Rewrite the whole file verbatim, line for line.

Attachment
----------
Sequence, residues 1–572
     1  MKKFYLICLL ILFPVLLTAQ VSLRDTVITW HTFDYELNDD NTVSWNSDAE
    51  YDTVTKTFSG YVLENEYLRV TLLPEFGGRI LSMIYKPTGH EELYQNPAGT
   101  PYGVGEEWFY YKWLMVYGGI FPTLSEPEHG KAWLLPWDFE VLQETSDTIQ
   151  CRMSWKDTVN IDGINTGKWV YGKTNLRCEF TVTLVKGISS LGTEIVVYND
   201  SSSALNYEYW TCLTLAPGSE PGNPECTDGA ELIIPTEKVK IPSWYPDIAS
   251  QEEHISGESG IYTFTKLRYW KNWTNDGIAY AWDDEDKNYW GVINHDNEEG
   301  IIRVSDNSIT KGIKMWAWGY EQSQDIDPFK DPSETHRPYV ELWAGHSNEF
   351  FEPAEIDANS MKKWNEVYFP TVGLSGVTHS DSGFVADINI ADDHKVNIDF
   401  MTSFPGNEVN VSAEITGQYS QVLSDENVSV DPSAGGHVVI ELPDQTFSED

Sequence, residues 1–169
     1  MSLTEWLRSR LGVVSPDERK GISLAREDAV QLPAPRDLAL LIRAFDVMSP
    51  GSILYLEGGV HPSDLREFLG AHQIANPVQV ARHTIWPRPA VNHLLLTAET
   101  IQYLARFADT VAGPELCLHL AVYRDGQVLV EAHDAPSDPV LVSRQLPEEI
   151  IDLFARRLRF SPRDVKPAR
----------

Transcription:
Sequence, residues 1–572
     1  MKKFYLICLL ILFPVLLTAQ VSLRDTVITW HTFDYELNDD NTVSWNSDAE
    51  YDTVTKTFSG YVLENEYLRV TLLPEFGGRI LSMIYKPTGH EELYQNPAGT
   101  PYGVGEEWFY YKWLMVYGGI FPTLSEPEHG KAWLLPWDFE VLQETSDTIQ
   151  CRMSWKDTVN IDGINTGKWV YGKTNLRCEF TVTLVKGISS LGTEIVVYND
   201  SSSALNYEYW TCLTLAPGSE PGNPECTDGA ELIIPTEKVK IPSWYPDIAS
   251  QEEHISGESG IYTFTKLRYW KNWTNDGIAY AWDDEDKNYW GVINHDNEEG
   301  IIRVSDNSIT KGIKMWAWGY EQSQDIDPFK DPSETHRPYV ELWAGHSNEF
   351  FEPAEIDANS MKKWNEVYFP TVGLSGVTHS DSGFVADINI ADDHKVNIDF
   401  MTSFPGNEVN VSAEITGQYS QVLSDENVSV DPSAGGHVVI ELPDQTFSED

Sequence, residues 1–169
     1  MSLTEWLRSR LGVVSPDERK GISLAREDAV QLPAPRDLAL LIRAFDVMSP
    51  GSILYLEGGV HPSDLREFLG AHQIANPVQV ARHTIWPRPA VNHLLLTAET
   101  IQYLARFADT VAGPELCLHL AVYRDGQVLV EAHDAPSDPV LVSRQLPEEI
   151  IDLFARRLRF SPRDVKPAR